The Norwegian Coastal Administration has revealed visualizations of the world’s first full-scale ship tunnel that would link two fjords on either side of the Stad Peninsula in Norway, allowing ships to bypass the “most exposed, most dangerous” waters on the Norwegian coast. With the project now in the feasibility stage, architecture studio Snøhetta has produced a series of rendered design concepts to help the project gain traction within the Norwegian government.
The Stad Ship Tunnel would measure 1.7 kilometers long, 36 meters wide and 49 meters tall—large enough to accommodate full-sized boats such as large cruise ships, sailboats, and coastal steamers. Traffic would pass through one way at a time, but even with a waiting period, the tunnel would chop off significant time and hazard from the existing route around the peninsula. Estimates show that between 70 and 120 ships could use the tunnel on a daily basis.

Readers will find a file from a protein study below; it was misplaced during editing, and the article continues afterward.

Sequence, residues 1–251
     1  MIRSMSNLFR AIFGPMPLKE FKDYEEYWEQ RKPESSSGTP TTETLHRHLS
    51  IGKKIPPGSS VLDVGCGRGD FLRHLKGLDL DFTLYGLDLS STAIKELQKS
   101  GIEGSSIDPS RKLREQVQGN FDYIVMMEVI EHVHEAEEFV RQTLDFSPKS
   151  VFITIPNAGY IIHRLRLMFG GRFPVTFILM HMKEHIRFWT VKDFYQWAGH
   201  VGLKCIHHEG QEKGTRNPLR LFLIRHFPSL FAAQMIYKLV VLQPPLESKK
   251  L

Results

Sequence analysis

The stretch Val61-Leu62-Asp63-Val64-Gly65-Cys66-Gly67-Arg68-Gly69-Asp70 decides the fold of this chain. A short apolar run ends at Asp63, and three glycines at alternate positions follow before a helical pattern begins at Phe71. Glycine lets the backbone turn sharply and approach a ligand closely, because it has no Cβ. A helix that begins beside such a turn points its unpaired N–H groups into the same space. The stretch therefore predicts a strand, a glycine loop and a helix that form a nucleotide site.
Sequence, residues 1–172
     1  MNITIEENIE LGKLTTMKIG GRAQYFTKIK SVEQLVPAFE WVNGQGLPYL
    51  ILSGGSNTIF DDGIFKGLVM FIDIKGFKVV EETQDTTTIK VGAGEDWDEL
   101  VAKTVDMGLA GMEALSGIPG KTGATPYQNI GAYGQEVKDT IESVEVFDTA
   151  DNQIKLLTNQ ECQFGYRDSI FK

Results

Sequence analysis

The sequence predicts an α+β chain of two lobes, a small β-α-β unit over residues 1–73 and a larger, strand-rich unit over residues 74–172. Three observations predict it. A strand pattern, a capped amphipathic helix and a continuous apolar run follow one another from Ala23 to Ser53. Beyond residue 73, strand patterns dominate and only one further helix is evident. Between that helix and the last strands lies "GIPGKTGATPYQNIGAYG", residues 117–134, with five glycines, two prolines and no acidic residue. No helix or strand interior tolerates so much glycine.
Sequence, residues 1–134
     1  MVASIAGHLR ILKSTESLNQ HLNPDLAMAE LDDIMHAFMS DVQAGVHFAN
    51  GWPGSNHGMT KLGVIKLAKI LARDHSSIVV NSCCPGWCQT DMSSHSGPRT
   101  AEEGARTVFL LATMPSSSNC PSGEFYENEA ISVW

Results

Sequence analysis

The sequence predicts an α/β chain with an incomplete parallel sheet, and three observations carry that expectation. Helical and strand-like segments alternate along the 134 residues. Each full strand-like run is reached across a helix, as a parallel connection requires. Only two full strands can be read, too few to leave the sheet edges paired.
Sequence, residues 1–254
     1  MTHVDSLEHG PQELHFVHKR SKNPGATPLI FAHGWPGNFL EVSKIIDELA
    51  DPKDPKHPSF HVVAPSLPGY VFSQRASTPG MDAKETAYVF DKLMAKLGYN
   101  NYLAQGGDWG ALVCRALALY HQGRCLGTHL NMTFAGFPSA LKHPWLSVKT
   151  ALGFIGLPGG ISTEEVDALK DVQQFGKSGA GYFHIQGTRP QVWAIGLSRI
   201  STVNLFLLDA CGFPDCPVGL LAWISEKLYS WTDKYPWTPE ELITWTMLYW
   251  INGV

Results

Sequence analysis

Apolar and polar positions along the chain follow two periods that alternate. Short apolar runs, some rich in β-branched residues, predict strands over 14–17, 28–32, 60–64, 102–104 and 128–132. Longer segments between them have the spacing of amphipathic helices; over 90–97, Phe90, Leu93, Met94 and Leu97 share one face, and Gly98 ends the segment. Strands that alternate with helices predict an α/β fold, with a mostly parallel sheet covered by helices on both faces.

Working with Olav Olsen of Norwegian consulting firm Norconsult, Snøhetta has designed the two entrances to the tunnel using the material palette of the peninsula, with both wire-cut and blasted stone walls making up the opening arches. On the Moldefjorden side, the design would utilize the steep landscape to create a dramatic entrance. A more sensitive, terraced opening would pop out at Kjødepollen, where a small village is located.
The idea for building a ship tunnel through the Stad Peninsula has been discussed for over 100 years, with original plans documented as far back as the 1870s. Historians have even discovered that Vikings often preferred to portage their ships over the 1.7 kilometer stretch than sail through the dangerous seas.Initial cost estimates for the project come in at 2.3billion Kroner (~$270 million USD). The Norwegian Coastal Association is hoping to receive a final political decision soon. If approved, construction could begin as early as 2019. News via Norwegian Coastal Association. Written by Patrick Lynch. Want more from ArchDaily? Like their Facebook page here.